When you live in the mountains, educating yourself about your natural surroundings is invaluable. Fortunately, the students at Golden Secondary School have access to an outdoor education program that helps them appreciate, enjoy, and most importantly understand the mountain region.
“There are students who have grown up here, and know the area, but we take them to do things they probably wouldn’t have done on their own,” said Tom Frebairn, the senior outdoor education teacher who retired this past year. “We do rock climbing and ice climbing, and those are two things that very few of the students have tried before. We are broadening their horizons a little bit.”
The class is hugely popular, not surprising as it gets students out of the classroom all year round. Only being inside for a handful of classes a year, the rest of their time is spent on the gym’s climbing wall training, outside, or out of town on field trips.
“We had great weather this year so we got to do a lot…we did a trip into Lake O-Hara, so we ski/snowshoe. And we had an ice climb winter camp down near Spillimacheen,” said Freebairn. “We had a canoe camping trip down the Columbia from Radium to Spllimacheen. And we had a rock climbing camping five-day trip down in Skaha in Penticton.”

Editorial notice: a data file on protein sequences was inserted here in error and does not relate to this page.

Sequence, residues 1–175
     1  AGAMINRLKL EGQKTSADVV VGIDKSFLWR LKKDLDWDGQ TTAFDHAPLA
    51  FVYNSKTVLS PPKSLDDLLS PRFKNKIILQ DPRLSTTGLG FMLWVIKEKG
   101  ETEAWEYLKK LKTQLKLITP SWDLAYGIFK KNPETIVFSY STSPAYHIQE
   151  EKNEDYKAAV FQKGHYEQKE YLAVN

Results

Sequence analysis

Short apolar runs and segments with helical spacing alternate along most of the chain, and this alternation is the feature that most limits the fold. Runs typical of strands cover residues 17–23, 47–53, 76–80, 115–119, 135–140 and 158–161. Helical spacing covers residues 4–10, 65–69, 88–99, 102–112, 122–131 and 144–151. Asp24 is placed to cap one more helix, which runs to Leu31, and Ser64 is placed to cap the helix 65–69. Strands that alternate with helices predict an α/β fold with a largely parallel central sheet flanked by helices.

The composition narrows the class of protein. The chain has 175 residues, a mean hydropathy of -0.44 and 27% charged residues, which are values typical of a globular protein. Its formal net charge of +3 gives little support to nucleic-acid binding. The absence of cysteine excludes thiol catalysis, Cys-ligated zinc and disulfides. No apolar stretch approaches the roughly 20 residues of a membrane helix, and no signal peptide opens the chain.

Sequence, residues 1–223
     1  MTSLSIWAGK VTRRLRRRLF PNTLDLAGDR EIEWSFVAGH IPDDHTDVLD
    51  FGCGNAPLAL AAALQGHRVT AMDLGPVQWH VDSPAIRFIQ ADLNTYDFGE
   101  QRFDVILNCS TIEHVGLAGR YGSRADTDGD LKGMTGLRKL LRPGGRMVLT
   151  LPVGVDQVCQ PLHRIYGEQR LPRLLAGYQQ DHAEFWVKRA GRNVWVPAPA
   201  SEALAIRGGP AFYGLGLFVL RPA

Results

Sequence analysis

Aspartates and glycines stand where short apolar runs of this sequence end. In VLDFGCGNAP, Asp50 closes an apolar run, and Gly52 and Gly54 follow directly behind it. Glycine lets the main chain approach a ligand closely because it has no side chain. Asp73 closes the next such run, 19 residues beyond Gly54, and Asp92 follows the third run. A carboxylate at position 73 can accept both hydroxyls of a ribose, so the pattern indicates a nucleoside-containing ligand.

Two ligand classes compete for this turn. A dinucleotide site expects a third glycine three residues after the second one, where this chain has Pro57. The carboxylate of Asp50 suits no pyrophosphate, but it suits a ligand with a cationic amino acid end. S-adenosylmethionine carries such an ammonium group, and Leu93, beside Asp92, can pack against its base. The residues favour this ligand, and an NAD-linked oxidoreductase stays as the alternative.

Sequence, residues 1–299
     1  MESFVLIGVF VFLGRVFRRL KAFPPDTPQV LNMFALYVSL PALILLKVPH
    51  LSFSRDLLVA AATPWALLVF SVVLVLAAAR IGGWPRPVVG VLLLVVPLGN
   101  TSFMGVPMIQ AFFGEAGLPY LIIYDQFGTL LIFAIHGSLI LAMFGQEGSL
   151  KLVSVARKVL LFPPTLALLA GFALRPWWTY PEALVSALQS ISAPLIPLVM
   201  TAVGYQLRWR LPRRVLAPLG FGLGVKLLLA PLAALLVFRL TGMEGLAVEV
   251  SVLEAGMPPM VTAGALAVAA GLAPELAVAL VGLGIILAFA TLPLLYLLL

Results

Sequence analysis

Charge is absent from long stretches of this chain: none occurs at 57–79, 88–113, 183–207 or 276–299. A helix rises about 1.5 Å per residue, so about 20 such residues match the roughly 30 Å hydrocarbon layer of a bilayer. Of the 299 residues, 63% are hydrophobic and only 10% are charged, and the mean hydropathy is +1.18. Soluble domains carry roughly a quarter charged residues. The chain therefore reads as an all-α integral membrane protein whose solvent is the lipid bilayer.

A thrilling experience for any Canadian teenager, but Freebairn has found that another demographic is also getting a great deal out of the class.
“The last five or six years we’ve had a large international student presence. I would say easily half of the class,” he said.
“It’s a great way to see the town and the country, such a great experience for them.”
When the program started in 2000, Freebairn taught one class. Since then it has expanded by 400 per cent, with GSS now offering one junior (taught by Ron Ainsley) and three senior classes. Although now looking back, Freebairn isn’t sure that a class like this would be approved given the liability considerations.
“I think if you were setting up a program like this now, everybody is worried about liability, it would be very difficult. But because we’ve been doing it for so long, and quite successfully without any incidents, we’ve been able to do it,” he said. “The safety considerations are huge for us, especially for rock climbing and ice climbing. There’s a lot of prep work, and there’s a climbing wall in the gym where we can go through belaying and tying knots, putting on the harness properly, that sort of thing.”
Classes similar to this can be found throughout the province, although quite scarcely. Freebairn often gets comments when he’s out on field trips from other climbers or hikers saying they wished they had something like this when they were in high school.
“It’s becoming more and more popular, and it’s not surprising. The kids always come back from these trips, some of them quite tough especially if we’re winter camping, but they always return feeling like they’ve accomplished something.”